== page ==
Until last night I’d never seen Albert Lewin‘s The Picture of Dorian Gray (’45). I’d caught a mid ’70s BBC adaptation but never the Hollywood-stamped film. Lewin directed and wrote the screenplay adaptation of Oscar Wilde’s 1891 novel, and so the dialogue (especially when spoken by George Sanders‘ drolly effete character, “Lord Henry Wotton” character) is delicious.

But what an oddly gayish film…gayish but closeted and corseted to a curious extreme. The face of Hurd Hatfield‘s Dorian Gray isn’t just exquisite to look at, but there’s something else going on — Hatfield’s expression suggests that he’s fully aware of his beauty and his effect upon others, and that’s an unattractive counterweight. He doesn’t seem human, like a robot of some kind. Stiff as a board.

In a 10.20.20 Criterion essay titled “Queer Fear: Dorian the Devil,” Michael Koresky writes that the film “is a central work of ambiguously queer cinematic horror. Like in Wilde’s original, Dorian Gray’s sexuality remains ethereal and slightly unknowable; the ‘love that dared not speak its name’ in late-nineteenth-century England found an easy correspondence with Hays Code–era Hollywood, which forced every inference of homosexuality to exist within winking subterfuges. Just one year after The Uninvited, we have a version of Dorian Gray as a strange, otherworldly being, seemingly incapable of human feeling.”

From a Hurd Hatfield Tumblr page: “Truth be told, Hurd’s so-called ’emotionless’ performance in The Picture of Dorian Gray (1945) was 100% on Albert Lewin’s direction. According to Angela Lansbury, Lewin would stop rolling the cameras once Hatfield registered an obvious expression on his face. Much to Hurd’s frustration because his usual acting style is quite animated, Hurd wanted to perform with more emotion just like the character in the novel. Alas, the director’s power overrides that of the actor’s.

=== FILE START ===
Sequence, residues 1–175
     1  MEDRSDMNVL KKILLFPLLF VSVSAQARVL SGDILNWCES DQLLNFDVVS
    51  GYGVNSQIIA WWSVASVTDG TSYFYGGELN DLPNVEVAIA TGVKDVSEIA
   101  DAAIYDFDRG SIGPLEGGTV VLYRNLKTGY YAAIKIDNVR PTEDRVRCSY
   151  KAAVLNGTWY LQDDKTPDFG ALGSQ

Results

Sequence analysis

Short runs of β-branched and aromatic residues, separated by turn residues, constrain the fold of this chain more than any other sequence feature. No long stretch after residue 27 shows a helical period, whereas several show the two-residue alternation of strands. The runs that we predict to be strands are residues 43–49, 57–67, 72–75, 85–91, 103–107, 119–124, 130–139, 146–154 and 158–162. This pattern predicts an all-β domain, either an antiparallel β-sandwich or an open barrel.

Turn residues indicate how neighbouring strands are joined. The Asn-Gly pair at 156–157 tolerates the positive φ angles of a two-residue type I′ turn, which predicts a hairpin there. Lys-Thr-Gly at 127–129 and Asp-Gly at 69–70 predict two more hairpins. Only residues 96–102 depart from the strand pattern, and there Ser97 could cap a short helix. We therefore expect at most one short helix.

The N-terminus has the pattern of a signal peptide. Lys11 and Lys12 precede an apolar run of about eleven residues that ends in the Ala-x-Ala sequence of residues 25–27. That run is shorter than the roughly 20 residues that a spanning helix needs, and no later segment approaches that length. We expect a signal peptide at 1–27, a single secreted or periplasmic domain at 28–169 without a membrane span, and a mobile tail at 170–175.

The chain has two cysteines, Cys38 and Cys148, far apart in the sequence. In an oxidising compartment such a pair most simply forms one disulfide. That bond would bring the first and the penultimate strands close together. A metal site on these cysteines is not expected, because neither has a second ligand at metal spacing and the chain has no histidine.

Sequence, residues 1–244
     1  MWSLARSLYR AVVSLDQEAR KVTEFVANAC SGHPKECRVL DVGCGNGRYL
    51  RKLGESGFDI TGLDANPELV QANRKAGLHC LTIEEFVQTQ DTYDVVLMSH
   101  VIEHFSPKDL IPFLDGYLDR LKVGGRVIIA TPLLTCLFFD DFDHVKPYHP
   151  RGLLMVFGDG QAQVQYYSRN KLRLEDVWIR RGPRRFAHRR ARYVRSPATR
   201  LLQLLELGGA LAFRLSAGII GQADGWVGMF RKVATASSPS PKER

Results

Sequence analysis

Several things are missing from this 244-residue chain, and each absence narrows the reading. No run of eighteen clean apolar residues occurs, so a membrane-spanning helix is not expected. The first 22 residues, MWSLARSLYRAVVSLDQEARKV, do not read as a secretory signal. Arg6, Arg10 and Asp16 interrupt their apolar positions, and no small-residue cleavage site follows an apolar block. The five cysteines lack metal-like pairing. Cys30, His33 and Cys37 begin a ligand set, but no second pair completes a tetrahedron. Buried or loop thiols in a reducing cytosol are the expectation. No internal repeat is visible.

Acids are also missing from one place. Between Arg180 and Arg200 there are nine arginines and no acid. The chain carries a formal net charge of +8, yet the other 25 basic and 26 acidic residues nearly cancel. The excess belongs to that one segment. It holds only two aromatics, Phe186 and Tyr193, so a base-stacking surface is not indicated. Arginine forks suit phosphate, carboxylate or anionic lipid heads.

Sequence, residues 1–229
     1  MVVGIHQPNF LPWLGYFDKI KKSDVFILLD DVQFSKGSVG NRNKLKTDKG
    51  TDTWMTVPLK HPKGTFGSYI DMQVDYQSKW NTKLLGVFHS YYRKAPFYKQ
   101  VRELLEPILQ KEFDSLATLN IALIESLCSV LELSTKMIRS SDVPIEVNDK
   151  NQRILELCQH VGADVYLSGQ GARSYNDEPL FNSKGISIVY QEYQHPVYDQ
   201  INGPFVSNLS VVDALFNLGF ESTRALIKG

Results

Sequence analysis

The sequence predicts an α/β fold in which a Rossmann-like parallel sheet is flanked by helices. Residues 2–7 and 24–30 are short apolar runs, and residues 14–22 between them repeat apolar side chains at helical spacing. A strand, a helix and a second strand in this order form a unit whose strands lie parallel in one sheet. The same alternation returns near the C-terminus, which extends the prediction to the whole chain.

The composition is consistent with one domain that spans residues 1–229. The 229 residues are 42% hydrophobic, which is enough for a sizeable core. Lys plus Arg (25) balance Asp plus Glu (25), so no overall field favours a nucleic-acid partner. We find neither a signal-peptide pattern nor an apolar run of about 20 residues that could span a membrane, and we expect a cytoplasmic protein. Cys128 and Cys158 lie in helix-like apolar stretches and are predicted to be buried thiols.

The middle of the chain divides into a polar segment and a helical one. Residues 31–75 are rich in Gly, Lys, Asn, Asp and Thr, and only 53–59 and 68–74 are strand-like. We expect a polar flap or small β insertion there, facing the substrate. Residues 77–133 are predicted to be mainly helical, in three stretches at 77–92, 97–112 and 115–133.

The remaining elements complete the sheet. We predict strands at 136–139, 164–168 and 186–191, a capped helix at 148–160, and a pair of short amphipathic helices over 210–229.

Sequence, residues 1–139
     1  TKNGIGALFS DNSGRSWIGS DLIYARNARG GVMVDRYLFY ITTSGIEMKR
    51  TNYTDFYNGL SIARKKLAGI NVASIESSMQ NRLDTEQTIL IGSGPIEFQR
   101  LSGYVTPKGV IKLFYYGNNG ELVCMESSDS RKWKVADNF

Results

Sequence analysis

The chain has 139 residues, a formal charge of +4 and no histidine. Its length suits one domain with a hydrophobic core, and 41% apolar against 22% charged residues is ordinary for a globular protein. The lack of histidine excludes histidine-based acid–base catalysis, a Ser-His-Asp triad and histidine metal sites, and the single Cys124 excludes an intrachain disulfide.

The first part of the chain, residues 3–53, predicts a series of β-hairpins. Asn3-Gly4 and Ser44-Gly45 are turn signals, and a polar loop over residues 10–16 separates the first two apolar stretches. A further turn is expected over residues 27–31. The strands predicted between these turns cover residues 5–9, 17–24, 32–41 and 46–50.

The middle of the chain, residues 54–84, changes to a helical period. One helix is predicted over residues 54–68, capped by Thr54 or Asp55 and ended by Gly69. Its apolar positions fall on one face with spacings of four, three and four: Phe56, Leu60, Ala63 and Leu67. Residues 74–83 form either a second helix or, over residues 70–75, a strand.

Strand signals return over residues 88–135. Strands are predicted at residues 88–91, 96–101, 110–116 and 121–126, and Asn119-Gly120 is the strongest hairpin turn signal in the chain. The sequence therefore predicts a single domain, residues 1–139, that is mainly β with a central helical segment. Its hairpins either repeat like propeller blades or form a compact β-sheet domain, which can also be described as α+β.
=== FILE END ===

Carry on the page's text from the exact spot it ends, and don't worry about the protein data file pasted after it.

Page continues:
“Film scholars have rationalized Hatfield’s minimalist performance on the notion that his character essentially became the painting itself. Dorian wished to have eternal youth while the picture would age in exchange for his soul, thus the man and painting traded places. The painting has life, it grows old and grotesque as a consequence of Dorian’s actions. Dorian, a man with no soul, lives in shallowness and emptiness as reflected in his mask-like face.

“But Hatfield’s Dorian Gray was not totally devoid of emotions. Despite having both hands tied behind his back when making this film, Hatfield managed to slip in some quiet emotional expressions. He did the best he could with an almost impossible role. And even though Hatfield had a hard time with it and many people may not understand fully, Lewin had legitimate reasons to direct the way he did. In result, the film up to this day is considered a classic and it is the best film adaptation to Oscar Wilde’s novel.”

My favorite Hatfield performances are (a) Pontius Pilate in Nicholas Ray‘s King of Kings (’61) and his wealthy gay guy character in Richard Fleischer‘s The Boston Strangler (’68).